Balaclava wine bar Pretty Little is known for dainty, delicate dishes. But out back the team is doing things differently.
After convincing the landlord to let them use the garage – accessible by a rear laneway – they’ve transformed it into Bala Sanga, a sandwich shop doing slightly heartier and significantly more casual food than what’s served at Pretty Little by night.
“The shed hadn’t been opened in almost 30 years,” says owner Mike Byard. “We had the opportunity to basically make something out of nothing.”
The once-cobweb-covered storage space is now a no-frills shopfront with a tile-lined bench, a sandwich press and a few bar stools. If it weren’t for the cobalt signage, you’d never know the shop was there, particularly when the unmarked roller door is closed.
“Part of the charm of it is that it’s hidden,” says Byard. “Finding it is half the fun.”
Like many of-the-moment hospo ventures, Bala Sanga was born out of lockdown. “We were selling [sandwiches] out of [Pretty Little’s] front window,” says Byard, adding most customers were Balaclava locals in need of a quick and easy WFH lunch. “As restrictions eased, we found a lot of people were still working from home – and that was probably the way it was going to be for the foreseeable future. So, I decided to go ahead with the project.”
While Byard knows he’s one of many Melbourne restaurateurs jumping on the sandwich bandwagon, he doesn’t think it’s at all fleeting. “Every city in the world has their street food,” says Byard. “I think sandwiches [is] ours.”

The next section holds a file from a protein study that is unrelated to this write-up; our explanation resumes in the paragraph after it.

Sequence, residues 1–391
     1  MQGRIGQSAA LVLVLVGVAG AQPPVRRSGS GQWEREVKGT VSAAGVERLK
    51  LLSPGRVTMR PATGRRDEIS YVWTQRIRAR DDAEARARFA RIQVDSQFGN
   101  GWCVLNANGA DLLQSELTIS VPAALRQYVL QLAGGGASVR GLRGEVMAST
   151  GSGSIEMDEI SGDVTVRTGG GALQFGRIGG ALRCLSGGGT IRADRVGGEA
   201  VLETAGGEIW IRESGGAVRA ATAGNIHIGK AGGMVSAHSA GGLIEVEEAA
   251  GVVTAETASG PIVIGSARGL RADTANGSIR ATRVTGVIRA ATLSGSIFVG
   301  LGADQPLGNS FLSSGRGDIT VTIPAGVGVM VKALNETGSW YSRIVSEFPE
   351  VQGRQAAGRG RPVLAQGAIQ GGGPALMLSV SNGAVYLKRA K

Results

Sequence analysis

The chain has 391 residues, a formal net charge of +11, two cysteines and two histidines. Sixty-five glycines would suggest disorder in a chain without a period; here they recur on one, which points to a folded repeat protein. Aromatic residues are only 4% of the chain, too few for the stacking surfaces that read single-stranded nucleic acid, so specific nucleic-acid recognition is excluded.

For the final menu, he refined his lockdown offering into three fresh and three hot sangas.
“We’re doing a barbeque-beef-cheek version of a Reuben,” he says. His take is served on light rye and topped with smoked raclette, red sauerkraut and pickles. “We’ve also got a meatball sub,” he adds. A mainstay from the original lockdown menu, it’s served on a baguette with asiago cheese, garlic butter and a thick drizzle of herby sauce.
Rounding out the menu is a triple-cheese and onion toastie; a stacked-up salad sanga; a saucy poached-chicken sandwich with cos, pickled celery and tarragon mayo; and a curried-egg number – a childhood favourite of Byard’s. “I grew up eating egg sandwiches that my mum used to make,” he says.
Aside from the meatball sub, all sandwiches are made with Rustica sourdough. The hot ones are made to order while the fresh ones are ready to roll. And to accompany them, Bala Sanga serves coffee by Code Black and sweets from Woodstock Bakehouse.
Rear Laneway 296 Carlisle Street, Balaclava
Wed to Sun 7.30am–3pm